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Veterinary Angels

By Graham Garrison
February, 2019

After being forced to evacuate, one veterinary hospital was determined to meet the animal health needs of a displaced community

Within the span of just a few hours, the situation changed dramatically for veterinary clinics in Los Angeles and Ventura Counties in California.

On November 8, 2018, what would become known as the Woolsey Fire began a path of destruction through communities. The wildfire would eventually consume almost 100,000 acres, destroy thousands of structures, kill three and displace almost 300,000 people.

Malibu veterinary clinics were quickly cut off from any source of help. Darlene H. Geekie, RVT, founder of The Little Angels Project and Veterinary Angels Medical Center in nearby Agoura Hills, says local veterinarians did their best to try and get supplies in to those clinics, and help with animals displaced because of the wildfire.

Then, within a short window of time, Veterinary Angels was forced to evacuate as well. At 2 a.m., veterinarians, staff and volunteers evacuated animals at the animal hospital, as well as the nonprofit connected to the animal hospital – The Little Angels Project, a 501c3 helping rescues, wildlife and zoo animals with medical care and surgical needs.

Responding to the call

Because of the infrastructure and funds in place with The Little Angels Project, Geekie and her staff were able to pivot from evacuees, to providing essential medical care.

“I came back the next day and emptied my clinic of supplies and equipment,” Geekie says. “We popped up a triage center. We were just trying to help as many people that needed it or needed to have their animals examined.”

A call came in from LA County Animal Services requesting assistance at nearby Pierce College with the Red Cross, where an evacuation center had been set up. Veterinary Angels basically opened up a MASH unit, a temporary makeshift hospital, to help displaced pet owners and their animals. That hospital facilitated the care for all the Red Cross, the LA County Animal Services, and anybody who was in need, says Geekie. “That was huge. The Red Cross had never allowed animals into a shelter before. It was great for us to be able to link up with them and provide care to those animals.”

Veterinary Angels provided exams, medication for pet owners who had run out of their home without their pets’ medication, and treated everything from stress to burns.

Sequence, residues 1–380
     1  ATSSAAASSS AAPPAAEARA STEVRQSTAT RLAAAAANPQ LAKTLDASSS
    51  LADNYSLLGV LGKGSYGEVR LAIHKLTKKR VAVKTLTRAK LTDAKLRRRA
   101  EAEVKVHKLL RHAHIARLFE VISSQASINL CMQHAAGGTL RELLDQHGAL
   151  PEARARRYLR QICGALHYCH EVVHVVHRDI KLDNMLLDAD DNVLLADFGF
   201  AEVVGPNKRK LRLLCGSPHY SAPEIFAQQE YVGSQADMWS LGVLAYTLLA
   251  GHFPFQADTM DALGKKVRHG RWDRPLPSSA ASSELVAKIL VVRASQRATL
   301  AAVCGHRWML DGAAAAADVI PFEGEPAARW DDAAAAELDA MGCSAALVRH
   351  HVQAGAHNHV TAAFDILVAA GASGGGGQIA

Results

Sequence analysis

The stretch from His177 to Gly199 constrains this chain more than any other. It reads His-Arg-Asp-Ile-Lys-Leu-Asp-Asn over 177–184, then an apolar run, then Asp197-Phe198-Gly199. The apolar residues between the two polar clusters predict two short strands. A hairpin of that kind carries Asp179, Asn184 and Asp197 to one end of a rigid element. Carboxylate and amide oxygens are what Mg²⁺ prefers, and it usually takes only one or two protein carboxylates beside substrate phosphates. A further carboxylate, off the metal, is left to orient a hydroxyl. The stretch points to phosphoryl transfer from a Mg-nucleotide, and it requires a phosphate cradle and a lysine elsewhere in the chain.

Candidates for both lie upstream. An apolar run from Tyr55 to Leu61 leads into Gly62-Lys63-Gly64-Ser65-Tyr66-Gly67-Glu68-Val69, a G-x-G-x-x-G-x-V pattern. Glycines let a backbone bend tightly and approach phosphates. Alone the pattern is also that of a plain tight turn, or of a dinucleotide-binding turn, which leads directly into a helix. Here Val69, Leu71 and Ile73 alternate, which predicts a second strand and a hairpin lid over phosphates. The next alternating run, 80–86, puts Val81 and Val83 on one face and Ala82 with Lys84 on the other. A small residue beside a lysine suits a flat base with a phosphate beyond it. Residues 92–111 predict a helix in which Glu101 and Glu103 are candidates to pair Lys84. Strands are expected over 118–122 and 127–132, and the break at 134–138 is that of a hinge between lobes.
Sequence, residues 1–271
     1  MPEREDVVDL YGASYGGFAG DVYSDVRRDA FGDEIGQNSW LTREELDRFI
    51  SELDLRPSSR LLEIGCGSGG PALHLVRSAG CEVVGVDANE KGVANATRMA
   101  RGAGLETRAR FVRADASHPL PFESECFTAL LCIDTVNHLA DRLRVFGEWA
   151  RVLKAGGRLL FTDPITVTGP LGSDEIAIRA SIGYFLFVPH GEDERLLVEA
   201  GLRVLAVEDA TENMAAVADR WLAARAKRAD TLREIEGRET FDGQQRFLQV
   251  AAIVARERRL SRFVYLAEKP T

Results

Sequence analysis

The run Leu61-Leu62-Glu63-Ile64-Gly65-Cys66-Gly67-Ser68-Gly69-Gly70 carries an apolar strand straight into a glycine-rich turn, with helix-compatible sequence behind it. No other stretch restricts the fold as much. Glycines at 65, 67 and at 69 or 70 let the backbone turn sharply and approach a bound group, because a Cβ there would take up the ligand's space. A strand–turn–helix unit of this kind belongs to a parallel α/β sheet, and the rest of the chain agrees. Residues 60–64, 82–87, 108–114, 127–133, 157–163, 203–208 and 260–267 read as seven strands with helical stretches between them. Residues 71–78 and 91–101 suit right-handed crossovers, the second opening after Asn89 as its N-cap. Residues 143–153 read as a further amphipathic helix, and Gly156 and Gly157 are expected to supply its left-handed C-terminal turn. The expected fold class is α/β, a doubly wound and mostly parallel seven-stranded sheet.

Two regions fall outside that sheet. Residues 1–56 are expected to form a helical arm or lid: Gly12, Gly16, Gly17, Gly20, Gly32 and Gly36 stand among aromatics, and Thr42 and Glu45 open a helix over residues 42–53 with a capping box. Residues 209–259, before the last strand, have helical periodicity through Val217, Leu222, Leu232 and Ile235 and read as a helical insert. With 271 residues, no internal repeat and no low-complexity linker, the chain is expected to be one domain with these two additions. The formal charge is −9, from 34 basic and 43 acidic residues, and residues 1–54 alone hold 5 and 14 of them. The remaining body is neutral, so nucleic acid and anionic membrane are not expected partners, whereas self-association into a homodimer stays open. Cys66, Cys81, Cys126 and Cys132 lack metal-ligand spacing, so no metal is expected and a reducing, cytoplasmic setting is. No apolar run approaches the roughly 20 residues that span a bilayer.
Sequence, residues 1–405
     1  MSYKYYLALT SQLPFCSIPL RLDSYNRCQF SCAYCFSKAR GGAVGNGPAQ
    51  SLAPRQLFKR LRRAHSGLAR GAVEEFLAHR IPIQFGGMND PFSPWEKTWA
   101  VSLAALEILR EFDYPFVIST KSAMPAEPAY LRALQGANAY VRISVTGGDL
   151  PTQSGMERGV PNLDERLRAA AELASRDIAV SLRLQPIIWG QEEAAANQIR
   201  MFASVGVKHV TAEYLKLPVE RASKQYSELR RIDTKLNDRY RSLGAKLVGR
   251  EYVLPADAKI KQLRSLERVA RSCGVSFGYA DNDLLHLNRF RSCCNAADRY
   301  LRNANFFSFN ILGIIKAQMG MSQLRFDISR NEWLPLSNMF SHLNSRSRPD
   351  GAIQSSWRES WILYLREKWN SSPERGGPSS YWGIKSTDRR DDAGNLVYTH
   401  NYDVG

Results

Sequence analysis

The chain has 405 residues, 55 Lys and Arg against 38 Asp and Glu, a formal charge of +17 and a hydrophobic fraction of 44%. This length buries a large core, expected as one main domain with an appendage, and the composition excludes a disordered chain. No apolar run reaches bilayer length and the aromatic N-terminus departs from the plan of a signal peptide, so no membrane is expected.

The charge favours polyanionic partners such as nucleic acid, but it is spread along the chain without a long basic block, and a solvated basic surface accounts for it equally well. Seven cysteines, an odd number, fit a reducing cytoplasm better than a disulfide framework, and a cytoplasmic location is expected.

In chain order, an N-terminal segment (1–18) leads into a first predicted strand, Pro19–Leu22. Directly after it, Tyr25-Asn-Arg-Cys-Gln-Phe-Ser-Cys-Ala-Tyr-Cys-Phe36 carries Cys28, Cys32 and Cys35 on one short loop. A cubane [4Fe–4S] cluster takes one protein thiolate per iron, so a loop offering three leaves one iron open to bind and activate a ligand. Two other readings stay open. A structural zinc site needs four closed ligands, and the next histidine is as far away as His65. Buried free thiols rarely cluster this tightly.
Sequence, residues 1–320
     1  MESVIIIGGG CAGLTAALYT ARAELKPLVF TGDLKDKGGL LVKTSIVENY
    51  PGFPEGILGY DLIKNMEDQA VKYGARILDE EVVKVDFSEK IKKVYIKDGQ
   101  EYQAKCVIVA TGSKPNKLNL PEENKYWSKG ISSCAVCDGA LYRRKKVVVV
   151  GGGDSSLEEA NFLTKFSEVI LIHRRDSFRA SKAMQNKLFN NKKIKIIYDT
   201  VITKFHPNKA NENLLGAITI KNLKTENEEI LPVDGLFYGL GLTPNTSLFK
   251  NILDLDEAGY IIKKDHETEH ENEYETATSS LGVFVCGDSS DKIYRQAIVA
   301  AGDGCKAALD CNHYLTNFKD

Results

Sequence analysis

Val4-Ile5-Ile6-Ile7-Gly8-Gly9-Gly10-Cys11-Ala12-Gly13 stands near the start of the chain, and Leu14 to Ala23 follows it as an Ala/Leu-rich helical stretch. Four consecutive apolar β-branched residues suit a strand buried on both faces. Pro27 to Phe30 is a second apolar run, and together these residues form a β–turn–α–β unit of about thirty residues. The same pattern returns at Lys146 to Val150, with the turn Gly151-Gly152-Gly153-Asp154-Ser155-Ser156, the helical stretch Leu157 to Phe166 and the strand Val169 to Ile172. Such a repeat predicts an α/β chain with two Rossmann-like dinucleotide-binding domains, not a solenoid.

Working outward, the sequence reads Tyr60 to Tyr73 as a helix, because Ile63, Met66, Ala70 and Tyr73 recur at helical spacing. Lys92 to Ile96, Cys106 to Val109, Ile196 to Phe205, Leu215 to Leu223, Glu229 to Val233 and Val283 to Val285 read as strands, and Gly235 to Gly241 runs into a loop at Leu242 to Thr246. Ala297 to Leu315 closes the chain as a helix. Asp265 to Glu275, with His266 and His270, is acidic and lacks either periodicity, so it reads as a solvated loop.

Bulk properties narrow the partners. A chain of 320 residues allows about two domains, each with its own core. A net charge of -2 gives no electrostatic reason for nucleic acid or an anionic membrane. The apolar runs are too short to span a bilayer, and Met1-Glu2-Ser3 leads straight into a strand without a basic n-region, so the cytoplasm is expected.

“The LA County Animal Control could lean on us for the more severe cases,” says Geekie. “They were bringing in animals that suffered significant burns and we got them stabilized and shipped to where they needed to go for further care. The majority ended up coming to our practice once we reopened.”

The supplier community played an important role. The Little Angels Project received supplies from Henry Schein during their work with the Red Cross. Supplies to treat the burn patients were essential, as well as getting supplies and medications to the veterinary clinics that had been cut off from evacuation as soon as the opportunity presented itself. “Without those essential connections, it would have been very difficult to treat the amount of animals that we treated,” Geekie says. “We’ve already donated about $56,000 to the community in veterinary care, and we’ve treated over 200 animals from this Woolsey fire.”

Improving communication

Geekie says there are plans to launch a new disaster relief program. “One of our big efforts for this year is to improve the line of communication with our distributors, our community, as well as police officers and fire fighters.” Geekie says a unified location where people can go to for urgent responses, needs, and places to drop or receive supplies is crucial. Also, getting the right supplies to the communities impacted by disaster. “Hopefully people will contact us and be part of the program so that we can make it something within the United States and deploy that as well as being able to deploy with other veterinarians and veterinary partners that can do these popup triage centers,” she says. “It was really a game changer for the community.”

However, recovery efforts are not over. Support, donations and assistance are still needed as residents try to rebuild. “People are still trying to find housing and places to live,” Geekie says. “The last thing we want them to do is drop their animals off at the shelter. We’re still providing free care for them to help facilitate that so that they can keep their pets through this time.” 

Topics: Community, Companion 2019 February Vol. 11 Issue 1

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